Many fans were disappointed at the end of spring training when Jack Hannahan was named the Indians’ starting third baseman and Lonnie Chisenhall was demoted to Triple-A Columbus. Discouraging though it may have been to see a top prospect relegated to the minors, it was the right decision. Chisenhall is the Tribe’s third baseman of the future and the reassignment was meant to be temporary, but there were serious problems with his approach in his MLB debut last year that he needs to work out.
The season is now well underway, and Chisenhall is starting to make waves in Columbus. With Hannahan playing so well (he’s hitting .364/.453/.523 thus far) the Indians aren’t in any rush to call him up, but it’s still worth asking: Is Lonnie Chisenhall ready for the big leagues?
At first glance, it looks as though Chisenhall is proving himself quite worthy of a promotion. He’s hitting .308/.329/.551 in 19 games with the Clippers; project his counting stats over a full season and he’s on pace to swat 34 homers, score 85 runs, and drive in 102.
Jeff Sackmann’s Minor League Equivalency Calculator translates Chisenhall’s Triple-A performance to a .280/.301/.486 triple-slash in the majors. In 150 games he’d hit 22 homers, score 59 runs, and collect 73 RBI. The Simple WAR Calculator converts that to a 116 OPS+, and if we call him a good fielder and an average baserunner he projects as being worth 3.8 wins above replacement over a full season. Not bad for a player who didn’t make the cut for Opening Day.
But Chisenhall’s strong start doesn’t necessarily mean he’s made some major improvements. Chisenhall’s batting average on balls in play currently sits at an unusually high .339, 40 points higher than his previous career minor-league total. If we adjust his stats to be based on his .299 pre-2012 MiLB hit rate, even if we assume all the lost hits would be singles his triple-slash would fall to .277/.301/.521—still solid, but not quite as impressive.
Plugging these adjusted numbers into Sackmann’s calculator, his projected MLB triple-slash drops to .253/.275/.458; the Simple WAR Calculator pegs him for a diminished 2.8 WAR. That would still be a solid year for a young player, but a .275 on-base percentage would be a massive drain on his usefulness.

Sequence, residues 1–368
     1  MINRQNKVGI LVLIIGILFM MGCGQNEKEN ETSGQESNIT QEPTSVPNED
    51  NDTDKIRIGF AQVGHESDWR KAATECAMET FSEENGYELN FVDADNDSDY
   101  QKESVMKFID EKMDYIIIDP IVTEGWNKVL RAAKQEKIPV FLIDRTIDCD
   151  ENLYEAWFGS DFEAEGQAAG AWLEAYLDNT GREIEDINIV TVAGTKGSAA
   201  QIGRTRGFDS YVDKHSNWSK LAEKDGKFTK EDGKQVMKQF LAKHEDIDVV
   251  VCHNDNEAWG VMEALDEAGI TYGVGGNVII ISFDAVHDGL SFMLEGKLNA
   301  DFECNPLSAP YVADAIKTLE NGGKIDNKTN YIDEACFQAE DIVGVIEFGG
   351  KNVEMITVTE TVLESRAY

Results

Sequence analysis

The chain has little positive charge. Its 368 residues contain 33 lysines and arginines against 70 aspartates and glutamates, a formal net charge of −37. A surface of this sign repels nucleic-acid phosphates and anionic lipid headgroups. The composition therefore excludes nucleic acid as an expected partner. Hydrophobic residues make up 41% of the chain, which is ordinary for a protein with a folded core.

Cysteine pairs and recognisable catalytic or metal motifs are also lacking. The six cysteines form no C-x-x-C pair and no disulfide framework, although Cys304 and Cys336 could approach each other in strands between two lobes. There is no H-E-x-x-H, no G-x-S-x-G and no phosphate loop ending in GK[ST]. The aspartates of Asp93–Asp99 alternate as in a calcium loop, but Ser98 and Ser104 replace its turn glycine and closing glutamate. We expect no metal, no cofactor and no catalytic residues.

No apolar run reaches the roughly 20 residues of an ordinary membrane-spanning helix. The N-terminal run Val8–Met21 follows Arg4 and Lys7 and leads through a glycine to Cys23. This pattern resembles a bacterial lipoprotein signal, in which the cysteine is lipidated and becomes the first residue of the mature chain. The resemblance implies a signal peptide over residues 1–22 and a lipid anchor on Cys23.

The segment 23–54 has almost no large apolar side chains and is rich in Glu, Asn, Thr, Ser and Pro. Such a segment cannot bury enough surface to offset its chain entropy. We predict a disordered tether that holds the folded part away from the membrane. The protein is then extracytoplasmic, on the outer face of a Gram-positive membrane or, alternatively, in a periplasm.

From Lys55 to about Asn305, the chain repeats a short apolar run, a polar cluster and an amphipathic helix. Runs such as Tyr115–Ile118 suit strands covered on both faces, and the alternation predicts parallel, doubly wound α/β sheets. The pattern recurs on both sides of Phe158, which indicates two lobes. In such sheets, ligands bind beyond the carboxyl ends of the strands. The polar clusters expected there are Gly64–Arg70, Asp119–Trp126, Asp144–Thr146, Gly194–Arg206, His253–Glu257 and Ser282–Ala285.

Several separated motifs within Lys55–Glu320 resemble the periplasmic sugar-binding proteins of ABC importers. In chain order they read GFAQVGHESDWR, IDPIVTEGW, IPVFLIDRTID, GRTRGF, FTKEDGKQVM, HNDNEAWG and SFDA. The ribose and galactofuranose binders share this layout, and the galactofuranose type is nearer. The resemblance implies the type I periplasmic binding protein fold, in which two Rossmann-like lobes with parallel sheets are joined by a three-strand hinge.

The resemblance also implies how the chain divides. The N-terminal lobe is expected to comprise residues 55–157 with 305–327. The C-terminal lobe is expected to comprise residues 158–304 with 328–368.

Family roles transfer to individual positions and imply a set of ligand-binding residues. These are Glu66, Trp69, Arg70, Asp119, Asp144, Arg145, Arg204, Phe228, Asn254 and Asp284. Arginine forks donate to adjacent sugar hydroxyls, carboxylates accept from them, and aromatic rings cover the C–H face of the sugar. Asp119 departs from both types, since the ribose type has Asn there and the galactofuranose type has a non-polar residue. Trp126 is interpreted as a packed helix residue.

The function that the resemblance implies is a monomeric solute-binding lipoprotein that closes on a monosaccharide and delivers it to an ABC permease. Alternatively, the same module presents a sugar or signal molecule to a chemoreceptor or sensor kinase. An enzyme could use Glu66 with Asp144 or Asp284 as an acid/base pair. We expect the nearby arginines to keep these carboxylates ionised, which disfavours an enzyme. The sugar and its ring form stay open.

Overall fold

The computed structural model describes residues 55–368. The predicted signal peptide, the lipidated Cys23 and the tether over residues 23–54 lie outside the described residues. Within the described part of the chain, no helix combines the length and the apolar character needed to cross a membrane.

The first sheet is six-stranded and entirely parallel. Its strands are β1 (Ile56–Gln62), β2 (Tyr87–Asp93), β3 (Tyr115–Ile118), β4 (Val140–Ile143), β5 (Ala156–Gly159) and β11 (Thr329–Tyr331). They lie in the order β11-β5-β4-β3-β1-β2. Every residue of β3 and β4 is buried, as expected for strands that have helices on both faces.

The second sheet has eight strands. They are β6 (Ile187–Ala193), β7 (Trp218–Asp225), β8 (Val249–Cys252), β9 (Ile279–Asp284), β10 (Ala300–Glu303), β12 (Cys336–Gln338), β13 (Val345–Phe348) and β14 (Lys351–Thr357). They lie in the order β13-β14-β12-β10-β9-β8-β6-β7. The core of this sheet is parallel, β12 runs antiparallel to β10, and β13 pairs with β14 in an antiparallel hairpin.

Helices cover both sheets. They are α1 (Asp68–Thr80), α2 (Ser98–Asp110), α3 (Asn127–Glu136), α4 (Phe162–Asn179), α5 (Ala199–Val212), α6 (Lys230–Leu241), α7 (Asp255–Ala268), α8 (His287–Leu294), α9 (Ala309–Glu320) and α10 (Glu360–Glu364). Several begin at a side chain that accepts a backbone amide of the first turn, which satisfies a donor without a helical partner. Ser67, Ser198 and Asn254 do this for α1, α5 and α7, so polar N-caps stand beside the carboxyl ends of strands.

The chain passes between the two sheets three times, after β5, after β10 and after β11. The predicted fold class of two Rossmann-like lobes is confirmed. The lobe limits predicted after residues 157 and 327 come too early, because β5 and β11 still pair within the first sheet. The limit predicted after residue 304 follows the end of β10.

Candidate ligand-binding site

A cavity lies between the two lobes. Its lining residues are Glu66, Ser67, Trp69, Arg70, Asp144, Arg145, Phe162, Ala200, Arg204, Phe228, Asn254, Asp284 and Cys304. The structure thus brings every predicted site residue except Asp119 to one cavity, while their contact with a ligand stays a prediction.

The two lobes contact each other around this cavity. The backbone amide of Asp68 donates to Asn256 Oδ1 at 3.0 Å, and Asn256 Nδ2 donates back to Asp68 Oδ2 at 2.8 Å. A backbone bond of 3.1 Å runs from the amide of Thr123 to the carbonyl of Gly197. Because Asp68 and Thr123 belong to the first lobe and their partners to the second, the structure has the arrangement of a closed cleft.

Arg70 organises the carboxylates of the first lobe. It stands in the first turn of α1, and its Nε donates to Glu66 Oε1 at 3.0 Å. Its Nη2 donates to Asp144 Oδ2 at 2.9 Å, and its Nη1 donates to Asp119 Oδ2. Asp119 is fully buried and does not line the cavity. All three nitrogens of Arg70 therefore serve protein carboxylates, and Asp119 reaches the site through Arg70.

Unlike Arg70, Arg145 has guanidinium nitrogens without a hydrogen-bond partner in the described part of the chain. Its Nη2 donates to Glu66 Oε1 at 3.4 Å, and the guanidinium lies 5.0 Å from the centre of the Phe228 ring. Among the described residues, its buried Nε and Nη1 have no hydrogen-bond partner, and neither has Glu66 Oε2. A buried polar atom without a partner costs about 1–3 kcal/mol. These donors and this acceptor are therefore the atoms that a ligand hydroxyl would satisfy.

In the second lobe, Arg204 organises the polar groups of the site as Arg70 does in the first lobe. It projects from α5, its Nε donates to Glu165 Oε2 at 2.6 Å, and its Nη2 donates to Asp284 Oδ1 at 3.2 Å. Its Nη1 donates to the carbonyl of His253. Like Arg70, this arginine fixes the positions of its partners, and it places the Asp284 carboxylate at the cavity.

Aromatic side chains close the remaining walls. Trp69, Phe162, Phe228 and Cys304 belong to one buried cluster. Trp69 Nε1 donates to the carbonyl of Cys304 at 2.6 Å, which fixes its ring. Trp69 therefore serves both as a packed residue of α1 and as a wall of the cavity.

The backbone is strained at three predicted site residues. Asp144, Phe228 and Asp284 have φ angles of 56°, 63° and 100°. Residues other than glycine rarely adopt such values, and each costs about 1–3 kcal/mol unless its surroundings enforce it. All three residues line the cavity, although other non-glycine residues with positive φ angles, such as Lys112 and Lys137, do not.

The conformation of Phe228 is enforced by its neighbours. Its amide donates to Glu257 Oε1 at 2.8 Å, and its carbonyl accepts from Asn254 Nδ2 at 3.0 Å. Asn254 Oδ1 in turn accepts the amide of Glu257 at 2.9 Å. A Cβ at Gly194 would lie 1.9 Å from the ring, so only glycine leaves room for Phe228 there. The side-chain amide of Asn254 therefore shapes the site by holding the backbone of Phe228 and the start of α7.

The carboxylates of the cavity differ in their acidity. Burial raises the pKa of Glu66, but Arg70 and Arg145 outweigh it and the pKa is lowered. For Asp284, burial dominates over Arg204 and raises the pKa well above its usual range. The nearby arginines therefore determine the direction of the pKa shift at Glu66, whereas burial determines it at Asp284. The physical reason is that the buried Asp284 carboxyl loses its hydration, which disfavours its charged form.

Another factor that could be inflating Chisenhall’s numbers is power. He’s shown solid pop before, but never to the extent that he has this April. Last year in Triple-A Chisenhall homered once every 36 at-bats; in 2012 that’s up to once every 20 trips to the plate. It’s entirely possible that he’s starting to grow into some more power at age 23, but we should be cautious in attributing such a dramatic spike in his slugging prowess to newfound ability rather than a fluke of the small sample size.
But the biggest reason why Chisenhall is best suited to the minors for now is the same reason he was demoted a month ago: his plate discipline has completely abandoned him, and he won’t be an effective hitter in The Show until he regains his strike zone judgment.
Chisenhall had never been a particularly patient hitter before his 2011 call-up, but he had demonstrated a clear ability to get on base. He entered 2012 with a career minor-league walk rate of 8.6 percent, and that number had improved as he’d ascended through the Indians’ organization; his walk rate hit 8.8 percent at Double-A in 2010 before peaking at 9.6 percent in Triple-A last year.
Then he reached the majors and it all fell apart. In 223 plate appearances with the parent club last year, Chisenhall reached ball four only eight times while seeing strike three on 49 separate occasions. Simply put he lost his once-solid strike zone judgment, as evidenced by the fact that he chased nearly 40 percent of pitches out of the zone while taking almost a third of offerings over the plate for called strikes.
Chisenhall was given every opportunity to show improvement in spring training—Indians officials said again and again that the third base job was his to lose. But lose it he did. Chisenhall took only one walk against 16 strikeouts in 16 preseason games. So he was sent to Columbus to retool his approach.
The early returns for Chisenhall in the minors may look good, but he doesn’t appear to have made any progress regarding plate discipline. He’s walked just twice in 82 plate appearances while striking out 15 times—both his walk rate and his walk/strikeout ratio are worse than they were with Cleveland last year, when he was facing far superior pitching.
Maybe he’s pressing, maybe he’s a little traumatized from taking a Carlos Villanueva pitch to the face last year, or maybe he’s just had a crisis of confidence. I don’t claim to have the answers, and presumably if the Indians knew what the problem was they’d have helped him get over it by now. What’s clear is that something isn’t quite right with Chisenhall.
There is a silver lining to the fact that Chisenhall is struggling with his pitch selectiveness in the minors: it suggests that he isn’t a Quad-A player. The “Quad-A” label is often misapplied or assigned before the player in question has had the chance to find his groove in the majors, but it makes sense that some kinds of hitters would have a particularly difficult time adjusting to The Show. But Chisenhall’s problem has followed him back to Columbus—hopefully that means his eventual adjustments will help him in the majors too.
Despite what many analysts will tell you, having Hannahan at the hot corner is a strength, not a weakness. But regardless of the parent club’s third base situation, Chisenhall isn’t ready for the big leagues. Just as Chisenhall needs to learn to wait for his pitch, the Indians shouldn’t rush him back to the majors. He’ll be great someday, but for now he’s got a lot of work to do.